Government AffairsBusiness travellers and patients seeking medical treatment likely to be first on the list

Thailand to trial ‘travel bubbles’ allowing foreign arrivals

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The scheme, when implemented, would initially allow 1,000 foreign visitors to enter Thailand without needing to be in quarantine for 14 days. (Credit: Getty Images)
The scheme, when implemented, would initially allow 1,000 foreign visitors to enter Thailand without needing to be in quarantine for 14 days. (Credit: Getty Images)

BANGKOK – A plan to implement “travel bubbles” with selected countries that have shown they can effectively contain the spread of Covid-19 has been approved in principle by The Centre for Covid-19 Situation Administration (CCSA) on Friday.

Under the proposal, one thousand foreign visitors are expected to be allowed entry to Thailand daily without needing to adhere to the standard 14-day quarantine rule.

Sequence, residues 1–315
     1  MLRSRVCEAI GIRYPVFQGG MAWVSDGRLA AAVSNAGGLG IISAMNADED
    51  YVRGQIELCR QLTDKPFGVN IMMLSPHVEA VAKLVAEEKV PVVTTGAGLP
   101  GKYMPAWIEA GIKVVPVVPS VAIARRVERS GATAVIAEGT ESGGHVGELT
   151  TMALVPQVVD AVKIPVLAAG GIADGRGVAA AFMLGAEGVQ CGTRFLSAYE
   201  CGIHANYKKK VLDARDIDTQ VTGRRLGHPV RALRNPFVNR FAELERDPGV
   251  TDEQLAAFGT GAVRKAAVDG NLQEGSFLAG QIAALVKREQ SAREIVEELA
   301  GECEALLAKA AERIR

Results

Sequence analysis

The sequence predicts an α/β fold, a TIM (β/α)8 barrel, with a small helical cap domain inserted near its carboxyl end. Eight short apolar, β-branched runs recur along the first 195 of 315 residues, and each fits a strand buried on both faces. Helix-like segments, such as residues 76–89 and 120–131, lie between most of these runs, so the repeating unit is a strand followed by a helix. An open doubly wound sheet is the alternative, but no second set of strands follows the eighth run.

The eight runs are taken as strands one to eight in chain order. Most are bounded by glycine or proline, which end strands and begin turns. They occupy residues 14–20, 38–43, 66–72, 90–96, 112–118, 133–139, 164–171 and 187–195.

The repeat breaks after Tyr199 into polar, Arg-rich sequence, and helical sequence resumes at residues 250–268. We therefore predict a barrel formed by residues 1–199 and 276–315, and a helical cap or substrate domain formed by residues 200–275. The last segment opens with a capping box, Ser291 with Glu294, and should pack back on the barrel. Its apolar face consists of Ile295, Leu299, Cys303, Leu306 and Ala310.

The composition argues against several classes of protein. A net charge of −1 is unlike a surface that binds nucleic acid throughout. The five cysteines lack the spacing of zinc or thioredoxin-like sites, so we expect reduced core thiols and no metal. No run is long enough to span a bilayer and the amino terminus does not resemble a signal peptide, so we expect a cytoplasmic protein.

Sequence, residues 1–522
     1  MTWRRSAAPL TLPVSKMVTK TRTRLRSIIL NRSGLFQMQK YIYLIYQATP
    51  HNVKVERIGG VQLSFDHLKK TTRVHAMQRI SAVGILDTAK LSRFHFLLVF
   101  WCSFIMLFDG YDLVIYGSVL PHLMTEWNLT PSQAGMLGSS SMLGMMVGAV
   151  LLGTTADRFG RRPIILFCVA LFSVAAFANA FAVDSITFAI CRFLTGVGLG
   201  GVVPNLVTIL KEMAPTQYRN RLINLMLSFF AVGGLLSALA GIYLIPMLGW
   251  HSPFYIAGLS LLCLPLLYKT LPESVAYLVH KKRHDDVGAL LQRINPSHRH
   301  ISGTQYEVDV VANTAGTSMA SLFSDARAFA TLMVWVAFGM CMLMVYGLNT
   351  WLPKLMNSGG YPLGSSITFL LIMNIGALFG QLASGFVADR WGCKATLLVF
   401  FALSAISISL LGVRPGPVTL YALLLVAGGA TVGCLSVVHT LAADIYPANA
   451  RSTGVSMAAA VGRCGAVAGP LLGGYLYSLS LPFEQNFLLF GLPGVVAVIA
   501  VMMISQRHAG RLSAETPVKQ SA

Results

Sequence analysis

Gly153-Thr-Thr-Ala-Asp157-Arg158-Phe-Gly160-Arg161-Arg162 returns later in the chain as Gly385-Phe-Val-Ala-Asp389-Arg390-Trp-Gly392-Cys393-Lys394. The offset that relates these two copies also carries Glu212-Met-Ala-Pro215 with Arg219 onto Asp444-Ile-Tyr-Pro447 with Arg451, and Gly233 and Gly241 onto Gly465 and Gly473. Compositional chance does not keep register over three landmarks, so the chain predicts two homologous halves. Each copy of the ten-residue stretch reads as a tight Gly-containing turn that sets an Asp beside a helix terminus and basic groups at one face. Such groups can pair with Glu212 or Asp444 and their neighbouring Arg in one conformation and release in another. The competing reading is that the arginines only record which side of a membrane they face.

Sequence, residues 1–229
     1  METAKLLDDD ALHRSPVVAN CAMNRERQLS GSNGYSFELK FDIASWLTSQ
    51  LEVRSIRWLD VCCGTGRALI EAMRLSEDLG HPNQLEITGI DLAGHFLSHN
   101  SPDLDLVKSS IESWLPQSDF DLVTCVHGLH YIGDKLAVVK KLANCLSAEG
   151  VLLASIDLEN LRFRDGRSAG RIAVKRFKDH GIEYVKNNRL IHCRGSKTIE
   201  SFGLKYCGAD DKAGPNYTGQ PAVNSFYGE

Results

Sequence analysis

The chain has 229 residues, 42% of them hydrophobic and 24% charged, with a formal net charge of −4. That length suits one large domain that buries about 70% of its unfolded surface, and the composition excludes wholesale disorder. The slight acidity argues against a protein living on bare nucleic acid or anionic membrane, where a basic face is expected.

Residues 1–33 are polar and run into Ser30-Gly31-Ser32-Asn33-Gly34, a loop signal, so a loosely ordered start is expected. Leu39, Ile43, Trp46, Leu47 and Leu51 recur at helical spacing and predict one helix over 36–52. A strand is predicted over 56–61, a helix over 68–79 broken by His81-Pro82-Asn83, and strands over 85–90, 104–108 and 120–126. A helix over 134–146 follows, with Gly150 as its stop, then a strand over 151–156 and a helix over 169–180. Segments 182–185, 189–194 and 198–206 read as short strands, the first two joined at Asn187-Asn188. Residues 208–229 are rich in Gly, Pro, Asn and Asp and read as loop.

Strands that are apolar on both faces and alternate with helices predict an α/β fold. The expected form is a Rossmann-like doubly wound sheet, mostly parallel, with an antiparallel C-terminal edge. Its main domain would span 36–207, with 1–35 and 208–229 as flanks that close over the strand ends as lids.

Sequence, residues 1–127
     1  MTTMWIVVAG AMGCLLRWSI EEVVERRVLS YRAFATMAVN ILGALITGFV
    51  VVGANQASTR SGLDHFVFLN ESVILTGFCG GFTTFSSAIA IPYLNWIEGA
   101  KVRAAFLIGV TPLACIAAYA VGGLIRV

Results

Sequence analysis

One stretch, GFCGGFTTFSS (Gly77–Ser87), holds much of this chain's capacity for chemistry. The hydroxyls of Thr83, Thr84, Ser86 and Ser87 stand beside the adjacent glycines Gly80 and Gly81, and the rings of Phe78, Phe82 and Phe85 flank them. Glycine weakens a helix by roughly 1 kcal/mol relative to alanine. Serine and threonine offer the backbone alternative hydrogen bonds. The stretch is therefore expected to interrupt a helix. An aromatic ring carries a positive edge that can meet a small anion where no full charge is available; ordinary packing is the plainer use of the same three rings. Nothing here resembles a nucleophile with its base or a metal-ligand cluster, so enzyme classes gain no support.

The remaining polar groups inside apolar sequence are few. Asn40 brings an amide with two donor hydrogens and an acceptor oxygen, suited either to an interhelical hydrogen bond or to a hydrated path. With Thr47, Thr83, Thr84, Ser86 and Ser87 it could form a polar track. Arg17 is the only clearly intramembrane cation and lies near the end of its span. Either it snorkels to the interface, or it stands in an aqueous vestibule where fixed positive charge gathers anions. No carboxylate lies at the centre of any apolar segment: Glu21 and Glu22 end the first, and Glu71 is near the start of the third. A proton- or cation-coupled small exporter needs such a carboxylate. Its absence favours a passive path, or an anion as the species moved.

However, the visitors will still need to undergo Covid-19 screening tests before leaving their countries and upon arrival in Thailand. Once in Thailand, they will also have to be tracked via a smart phone application, reported Bangkok Post.

The initial bulk of these visitors will be formed by business travellers and patients seeking medical treatment in the country, who must come as part of the bilateral cooperation on tourism between Thailand and the identified countries, according to deputy government spokeswoman Traisuree Taisaranakul.

If there are no infections among the initial foreign arrivals, the programme would be widened to include general international tourists, according to Ms Traisuree.

While the proposal has been welcomed by the Tourism and Sports Ministry as it is seen as the first step to safely reopen Thailand’s tourism to international visitors, security authorities have opposed it due to concerns of a new spike in imported cases as well as a possible new wave of locally transmitted cases.

A recent poll on public opinion about the government’s reopening policy revealed that 54.4% of all 1,116 respondents felt it was not time to welcome international tourists back to the country yet.

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